Rahul Gandhi loses ordinance fight, Jats get OBC quota

Failing to get President Pranab Mukherjee's support to bring in anti-corruption ordinances, the cabinet on Sunday evening dropped the controversial plan to take the short-cut to enact six laws being pushed by the Congress vice-president.
Hindustan Times | By HT Correspondent
UPDATED ON MAR 06, 2014 08:42 PM IST

President Pranab Mukherjee’s reluctance to support its ordinance route forced the cabinet on Sunday to drop its plan to sidestep Parliament to enact anti-corruption laws being pushed by Congress vice-president Rahul Gandhi.

The cabinet, which held a special meeting on the eve of Prime Minister Manmohan Singh’s Myanmar visit, however, decided to include the Jat community in the Other Backward Castes (OBC) category for reservation in government jobs and higher education. With a significant presence in western Uttar Pradesh, Rajasthan, Haryana, Himachal Pradesh and Madhya Pradesh, Jats can influence poll outcome in some constituencies.

Gandhi had put his weight behind six legislations including bringing the private sector under corruption laws, setting deadlines for government to provide services to people and protecting whistleblowers. But the President refused to play ball.

As a last-ditch effort to get his nod, law minister Kapil Sibal and home minister Sushilkumar Shinde called on Mukherjee hours before the meeting with a trimmed list of ordinances.

Union ministers Jairam Ramesh and Manish Tewari address a press conference after cabinet meeting in New Delhi. (PTI photo)</strong)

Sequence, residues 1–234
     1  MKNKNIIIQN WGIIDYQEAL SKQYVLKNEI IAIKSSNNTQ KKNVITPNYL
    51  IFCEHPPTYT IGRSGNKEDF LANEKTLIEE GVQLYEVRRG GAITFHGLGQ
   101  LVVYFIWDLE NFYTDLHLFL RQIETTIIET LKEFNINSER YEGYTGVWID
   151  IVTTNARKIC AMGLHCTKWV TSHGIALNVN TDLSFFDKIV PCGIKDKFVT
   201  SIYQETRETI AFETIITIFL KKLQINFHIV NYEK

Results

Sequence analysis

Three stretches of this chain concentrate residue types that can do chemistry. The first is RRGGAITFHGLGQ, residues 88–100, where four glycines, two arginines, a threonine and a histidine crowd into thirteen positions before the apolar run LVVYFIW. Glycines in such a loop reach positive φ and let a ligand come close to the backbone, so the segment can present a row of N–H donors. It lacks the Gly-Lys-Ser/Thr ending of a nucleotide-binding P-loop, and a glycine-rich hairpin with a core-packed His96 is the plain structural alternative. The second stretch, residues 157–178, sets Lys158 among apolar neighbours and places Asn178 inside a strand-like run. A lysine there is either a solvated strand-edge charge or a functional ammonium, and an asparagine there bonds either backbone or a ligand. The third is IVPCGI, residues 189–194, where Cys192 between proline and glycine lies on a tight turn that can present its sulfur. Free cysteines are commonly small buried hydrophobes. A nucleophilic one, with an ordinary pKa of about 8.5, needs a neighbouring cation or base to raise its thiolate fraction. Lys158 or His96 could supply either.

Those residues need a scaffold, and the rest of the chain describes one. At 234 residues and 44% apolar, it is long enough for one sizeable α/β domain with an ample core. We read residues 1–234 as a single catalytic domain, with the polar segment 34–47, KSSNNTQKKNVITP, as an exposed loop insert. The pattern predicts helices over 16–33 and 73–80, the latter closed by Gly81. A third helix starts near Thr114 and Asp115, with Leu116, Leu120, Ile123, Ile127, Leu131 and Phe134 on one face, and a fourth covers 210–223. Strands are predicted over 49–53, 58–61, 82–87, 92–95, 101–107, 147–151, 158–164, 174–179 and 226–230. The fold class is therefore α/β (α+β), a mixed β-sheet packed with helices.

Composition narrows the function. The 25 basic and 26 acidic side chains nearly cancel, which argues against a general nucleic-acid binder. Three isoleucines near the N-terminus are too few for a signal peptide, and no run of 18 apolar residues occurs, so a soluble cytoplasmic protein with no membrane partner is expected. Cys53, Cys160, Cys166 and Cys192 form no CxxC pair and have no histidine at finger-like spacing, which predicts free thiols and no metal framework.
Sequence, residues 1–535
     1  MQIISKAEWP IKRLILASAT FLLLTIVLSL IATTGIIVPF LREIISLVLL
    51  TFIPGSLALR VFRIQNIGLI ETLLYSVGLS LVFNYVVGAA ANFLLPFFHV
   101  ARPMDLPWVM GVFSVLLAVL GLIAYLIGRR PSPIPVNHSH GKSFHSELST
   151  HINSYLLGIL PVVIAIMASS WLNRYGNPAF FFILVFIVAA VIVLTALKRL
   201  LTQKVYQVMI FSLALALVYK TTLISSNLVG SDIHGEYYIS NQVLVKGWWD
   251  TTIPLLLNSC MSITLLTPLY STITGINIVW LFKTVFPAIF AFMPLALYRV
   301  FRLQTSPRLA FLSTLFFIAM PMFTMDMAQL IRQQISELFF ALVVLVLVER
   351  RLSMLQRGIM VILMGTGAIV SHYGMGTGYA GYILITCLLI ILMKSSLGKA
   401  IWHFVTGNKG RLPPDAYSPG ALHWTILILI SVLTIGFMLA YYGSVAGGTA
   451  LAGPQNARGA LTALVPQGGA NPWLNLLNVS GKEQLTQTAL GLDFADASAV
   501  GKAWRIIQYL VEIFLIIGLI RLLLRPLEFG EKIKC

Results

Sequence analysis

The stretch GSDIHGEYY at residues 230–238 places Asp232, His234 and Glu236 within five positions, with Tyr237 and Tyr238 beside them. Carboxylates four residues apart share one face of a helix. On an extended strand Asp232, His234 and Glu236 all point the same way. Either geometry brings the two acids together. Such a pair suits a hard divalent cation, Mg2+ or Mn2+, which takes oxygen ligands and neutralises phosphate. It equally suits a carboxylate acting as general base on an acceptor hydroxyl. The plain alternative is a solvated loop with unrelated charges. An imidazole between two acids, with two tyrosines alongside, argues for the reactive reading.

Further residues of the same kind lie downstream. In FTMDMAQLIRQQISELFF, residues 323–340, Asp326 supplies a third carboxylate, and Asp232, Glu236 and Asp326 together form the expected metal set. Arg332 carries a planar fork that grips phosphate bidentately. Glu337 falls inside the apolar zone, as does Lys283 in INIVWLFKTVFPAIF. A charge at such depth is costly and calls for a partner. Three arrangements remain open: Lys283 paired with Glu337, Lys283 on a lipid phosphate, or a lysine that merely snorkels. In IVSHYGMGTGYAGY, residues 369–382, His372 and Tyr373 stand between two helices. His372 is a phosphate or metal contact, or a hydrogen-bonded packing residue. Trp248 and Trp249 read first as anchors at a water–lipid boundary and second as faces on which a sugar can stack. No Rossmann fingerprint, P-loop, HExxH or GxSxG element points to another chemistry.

Union ministers Jairam Ramesh and Manish Tewari address a press conference after cabinet meeting in New Delhi. (PTI photo)

This was their second meeting in as many days but Mukherjee did not relent. He had raised several issues including the urgency for bringing in an ordinance. Article 123 of the Constitution requires that the urgency be clearly stated for taking the ordinance route. An ordinance allows laws to be enacted when Parliament is not in session, though it needs to be ratified by both the Houses within six months.

The President, who also received CPM general secretary Prakash Karat's letter earlier in the day urging him not to allow ordinances, felt the laws should be enacted only after a thorough discussion in Parliament.

Read: Cabinet nod to 'special category' status to Seemandhra

With the Election Commission expected to announce the Lok Sabha poll schedule during the week, the model code of conduct will kick in. The fate of these bills, pending in various stages in Parliament, will be decided by the new government.

"There was a discussion. And, it was felt these (the laws) are extremely important in national life and need full deliberation by legislature," information and broadcasting minister Manish Tewari said after the meeting, putting up a brave face.

The minister, however, insisted the government's commitment towards the bills was "absolute and unimpeachable". "It is an article of faith for us. We will continue to pursue and ensure these legislations translate into reality," he said.

The cabinet also accorded the 13 districts that will constitute Andhra Pradesh once Telangana is carved out a special category status by an executive directive, rural development minister Jairam Ramesh said. The move will ensure preferential treatment in assistance from the Centre and tax breaks for five years.

The cabinet took the ordinance route to tweak Telangana and Andhra boundaries around Bhadrachalam town to ease rehabilitation of people displaced by the proposed Polavaram irrigation project. An ordinance strengthening the SC/STs atrocities law was also cleared.

On earlier occasions, too, Mukherjee had not been comfortable with the government taking the ordinance route. Though he had allowed the food security ordinance, he put his foot down when a similar move was made to protect convicted lawmakers from losing their seats.

Read: Ordinance route amounts to anti-democratic exercise: CPI-M

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